Archive for February, 2013

When facts aren’t really facts

An Ed Stetzer blog article and tweet about megachurches caught my attention the other night, but I haven’t had time to write about it until now.

The tweet caught my eye first. Ed wrote, “Christians choosing megachurches & megachurches thriving is not a matter of debate, it’s just math.” I responded to his tweet, by suggesting that two terms in the statement need to be clearly defined biblically–Christians and thriving. Trying to seek agreement rather than argument, I suggested we both agree that attending a church is not the equivalent of being a Christian and that numbers are not the measure whether a church is thriving or not. Now, I did this in tweet form, so it was much more tightly constructed than this due to character limits.

Ed responded simply that he was comfortable with how he used the words. That response that was really more of non-response–it seems pretty obvious that he was comfortable with them or he wouldn’t have used them. I know that Ed traffics in a world which is unlike mine in a number of ways, the most pertinent to the issue at hand is the tendency to treat church growth issues as a matter of objective quantifiability. The “it’s just math” part of his tweet is what I mean.

Where I think I part from Ed, at least based on what I read and his response to me, is that I don’t see how assessing the health of churches (which clearly is implied with a word like “thriving”) can be a matter of “just math.” Thriving is a word that presents us with a judgment on how something is doing, and to draw that conclusion from the numbers alone is woefully misguided. My friend, Les Ollila, used to say that there is a difference between growing and swelling–your head will get bigger if you bang it against the wall, but that wouldn’t be considered growth. In a similar way, a church could be getting bigger for unhealthy reasons, so “math” is not the only or even main way to evaluate whether a church is thriving.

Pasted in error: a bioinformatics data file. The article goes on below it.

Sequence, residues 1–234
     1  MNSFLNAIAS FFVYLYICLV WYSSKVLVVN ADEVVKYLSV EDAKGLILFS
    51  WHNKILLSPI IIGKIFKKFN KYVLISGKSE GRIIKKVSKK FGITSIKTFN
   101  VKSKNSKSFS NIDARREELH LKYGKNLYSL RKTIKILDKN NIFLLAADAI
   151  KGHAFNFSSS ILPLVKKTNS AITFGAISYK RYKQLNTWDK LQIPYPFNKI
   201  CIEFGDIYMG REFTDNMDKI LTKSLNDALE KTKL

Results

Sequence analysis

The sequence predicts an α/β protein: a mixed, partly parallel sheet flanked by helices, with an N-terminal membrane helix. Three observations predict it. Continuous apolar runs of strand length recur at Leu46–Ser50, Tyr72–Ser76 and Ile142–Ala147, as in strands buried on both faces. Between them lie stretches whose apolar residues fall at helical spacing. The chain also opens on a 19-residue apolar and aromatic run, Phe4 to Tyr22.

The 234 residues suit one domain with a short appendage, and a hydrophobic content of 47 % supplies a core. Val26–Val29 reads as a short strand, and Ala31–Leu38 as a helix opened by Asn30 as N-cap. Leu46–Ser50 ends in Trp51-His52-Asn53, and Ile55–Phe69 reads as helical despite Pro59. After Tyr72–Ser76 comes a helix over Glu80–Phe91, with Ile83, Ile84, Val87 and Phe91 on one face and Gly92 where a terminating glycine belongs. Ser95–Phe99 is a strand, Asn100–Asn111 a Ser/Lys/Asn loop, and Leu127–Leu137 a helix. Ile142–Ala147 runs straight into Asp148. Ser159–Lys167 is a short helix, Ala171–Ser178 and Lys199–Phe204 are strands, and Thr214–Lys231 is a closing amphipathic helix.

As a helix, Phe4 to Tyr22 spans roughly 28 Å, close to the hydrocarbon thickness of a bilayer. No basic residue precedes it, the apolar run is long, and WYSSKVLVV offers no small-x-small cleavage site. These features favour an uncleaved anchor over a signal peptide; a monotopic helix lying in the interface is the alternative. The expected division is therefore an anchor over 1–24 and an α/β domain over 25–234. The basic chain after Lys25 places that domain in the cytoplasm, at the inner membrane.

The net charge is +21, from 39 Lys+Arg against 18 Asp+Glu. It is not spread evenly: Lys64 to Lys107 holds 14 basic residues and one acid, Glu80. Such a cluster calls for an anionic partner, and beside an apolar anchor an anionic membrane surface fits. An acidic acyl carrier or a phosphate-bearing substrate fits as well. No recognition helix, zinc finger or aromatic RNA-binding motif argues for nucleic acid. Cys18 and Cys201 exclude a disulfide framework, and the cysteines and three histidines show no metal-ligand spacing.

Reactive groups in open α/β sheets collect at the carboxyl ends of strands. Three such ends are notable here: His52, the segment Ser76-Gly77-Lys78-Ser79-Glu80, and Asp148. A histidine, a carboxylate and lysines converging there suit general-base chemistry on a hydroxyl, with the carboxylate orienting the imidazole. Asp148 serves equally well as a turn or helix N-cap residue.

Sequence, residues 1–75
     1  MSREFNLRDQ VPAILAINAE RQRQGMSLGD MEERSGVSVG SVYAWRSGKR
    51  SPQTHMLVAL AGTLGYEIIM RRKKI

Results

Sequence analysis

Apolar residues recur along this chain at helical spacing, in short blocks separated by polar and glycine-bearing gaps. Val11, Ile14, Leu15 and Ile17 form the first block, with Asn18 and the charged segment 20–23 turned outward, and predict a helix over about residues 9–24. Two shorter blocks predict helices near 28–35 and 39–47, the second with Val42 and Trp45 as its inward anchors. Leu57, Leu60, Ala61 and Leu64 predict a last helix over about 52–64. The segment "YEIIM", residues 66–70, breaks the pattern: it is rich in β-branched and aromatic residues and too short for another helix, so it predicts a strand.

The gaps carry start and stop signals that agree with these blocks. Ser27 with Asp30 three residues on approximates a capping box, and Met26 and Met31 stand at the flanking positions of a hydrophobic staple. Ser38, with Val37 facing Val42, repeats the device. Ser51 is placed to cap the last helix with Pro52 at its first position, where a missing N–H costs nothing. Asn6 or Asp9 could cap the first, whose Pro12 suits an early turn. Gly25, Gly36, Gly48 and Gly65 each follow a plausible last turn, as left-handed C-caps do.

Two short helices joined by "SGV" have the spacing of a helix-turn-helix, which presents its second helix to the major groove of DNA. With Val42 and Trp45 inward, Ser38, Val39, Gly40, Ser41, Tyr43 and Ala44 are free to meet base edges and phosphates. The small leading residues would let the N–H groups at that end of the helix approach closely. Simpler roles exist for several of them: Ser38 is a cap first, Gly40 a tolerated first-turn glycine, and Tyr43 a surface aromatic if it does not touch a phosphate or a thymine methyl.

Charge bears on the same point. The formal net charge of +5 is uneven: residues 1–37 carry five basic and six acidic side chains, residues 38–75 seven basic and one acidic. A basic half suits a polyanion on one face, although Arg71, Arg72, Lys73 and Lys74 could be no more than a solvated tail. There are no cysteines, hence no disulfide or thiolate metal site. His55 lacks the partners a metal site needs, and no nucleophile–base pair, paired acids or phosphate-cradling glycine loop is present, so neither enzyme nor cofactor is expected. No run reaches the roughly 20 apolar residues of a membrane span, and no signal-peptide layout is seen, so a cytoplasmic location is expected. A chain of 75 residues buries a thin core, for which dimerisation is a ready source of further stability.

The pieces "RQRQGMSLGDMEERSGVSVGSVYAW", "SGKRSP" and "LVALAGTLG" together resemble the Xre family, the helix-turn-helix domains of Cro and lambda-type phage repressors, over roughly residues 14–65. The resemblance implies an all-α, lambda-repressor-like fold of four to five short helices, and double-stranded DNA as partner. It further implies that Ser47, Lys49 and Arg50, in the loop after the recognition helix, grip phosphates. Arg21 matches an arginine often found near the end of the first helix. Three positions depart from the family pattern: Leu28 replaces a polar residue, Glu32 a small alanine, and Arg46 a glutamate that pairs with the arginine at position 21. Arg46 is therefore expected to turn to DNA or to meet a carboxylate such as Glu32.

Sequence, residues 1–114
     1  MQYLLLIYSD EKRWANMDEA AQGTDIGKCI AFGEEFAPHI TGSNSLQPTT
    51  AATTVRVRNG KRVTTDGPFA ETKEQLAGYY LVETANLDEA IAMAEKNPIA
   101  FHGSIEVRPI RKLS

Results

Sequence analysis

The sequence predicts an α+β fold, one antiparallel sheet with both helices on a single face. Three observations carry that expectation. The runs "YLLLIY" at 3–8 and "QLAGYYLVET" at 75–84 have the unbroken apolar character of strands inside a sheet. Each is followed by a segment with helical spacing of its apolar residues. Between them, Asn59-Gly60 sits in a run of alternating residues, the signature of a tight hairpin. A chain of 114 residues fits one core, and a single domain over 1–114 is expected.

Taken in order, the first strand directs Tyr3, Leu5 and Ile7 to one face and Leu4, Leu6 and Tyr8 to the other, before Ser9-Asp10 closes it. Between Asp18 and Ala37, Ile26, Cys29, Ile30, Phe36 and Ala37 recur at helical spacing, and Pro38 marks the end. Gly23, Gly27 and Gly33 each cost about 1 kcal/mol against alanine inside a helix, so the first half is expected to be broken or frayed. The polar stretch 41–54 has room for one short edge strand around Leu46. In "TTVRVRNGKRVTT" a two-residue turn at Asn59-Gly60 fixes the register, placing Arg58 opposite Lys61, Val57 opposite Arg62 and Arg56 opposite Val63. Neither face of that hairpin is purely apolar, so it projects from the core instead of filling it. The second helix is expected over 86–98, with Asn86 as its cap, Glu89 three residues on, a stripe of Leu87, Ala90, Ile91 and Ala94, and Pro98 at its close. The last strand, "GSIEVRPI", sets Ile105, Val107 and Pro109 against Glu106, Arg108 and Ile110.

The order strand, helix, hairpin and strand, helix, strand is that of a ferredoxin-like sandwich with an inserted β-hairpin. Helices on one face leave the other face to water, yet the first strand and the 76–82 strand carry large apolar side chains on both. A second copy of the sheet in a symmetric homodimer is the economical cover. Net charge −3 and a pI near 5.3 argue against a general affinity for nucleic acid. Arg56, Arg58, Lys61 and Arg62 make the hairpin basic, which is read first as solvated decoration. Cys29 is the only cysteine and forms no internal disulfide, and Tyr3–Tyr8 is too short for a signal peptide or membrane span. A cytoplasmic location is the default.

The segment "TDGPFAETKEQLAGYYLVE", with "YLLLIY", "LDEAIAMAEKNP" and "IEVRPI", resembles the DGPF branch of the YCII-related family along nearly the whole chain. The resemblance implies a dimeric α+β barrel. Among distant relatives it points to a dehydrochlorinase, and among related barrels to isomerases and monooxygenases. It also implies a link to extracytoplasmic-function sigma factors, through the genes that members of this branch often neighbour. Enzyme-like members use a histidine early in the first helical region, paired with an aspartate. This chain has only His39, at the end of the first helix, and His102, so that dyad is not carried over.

This false sense that you can quantify church health (thriving vs. not thriving) shows up in the article that Ed was tweeting about. There he uses the word “fact” to describe his conclusion that megachurches are thriving. By using that word, he attempts to move the discussion from the realm of opinion, telling his readers that everybody is entitled to their own opinion, but not their own facts. I agree with him on that point, but the flaw in his article and argument is that he isn’t talking about facts.

It is a fact that more people are attending megachurches. That is a math issue, so we can count them and draw a firm conclusion. But when he introduces two subjective variables into his assessment (that it is Christians who are attending and that increased numbers means they are thriving), this is no longer a mere statement of fact, it is a value judgment. He has assumed that all megachurches are preaching the gospel of Jesus Christ and that the growth in attendance is not only from genuine believers, but that larger attendance equates with greater spiritual health in those congregations.

If it is at least a possibility that some number of those churches which make up the megachurch category are in fact not faithful to the gospel, are in fact drawing crowds without a genuine faith commitment to Jesus Christ, and/or are marked by any number of internal spiritual deficiencies (e.g., frustrated, burned out leaders or members, growing financial burdens and pressures, etc.), then his “fact” statement is not accurate. If Christian, however, is being used simply to mean something like non-Muslim or non-Buddhist and thriving means only that they have more people there now than last year, sure, he is probably right. “Christian” congregations of over 2000 seem to be drawing bigger crowds than ever before.

For myself, I don’t see much value in “facts” like that. They may tell us what a numerical trend is, but they don’t actually enable us to think about church growth helpfully. Church growth, conceived of biblically, is not value-free. Who makes up the church and how the church is functioning are important biblical factors in determining whether a congregation is really thriving. It is never just a matter of math.

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In the Multitude of Words…

Thanks to Al Gore it seems like everybody knows (or thinks they know) what everybody else is doing and quite often seem to have an opinion about it. No doubt, some of this is good and helpful. Just as certainly, much of it is not so good and not helpful at all.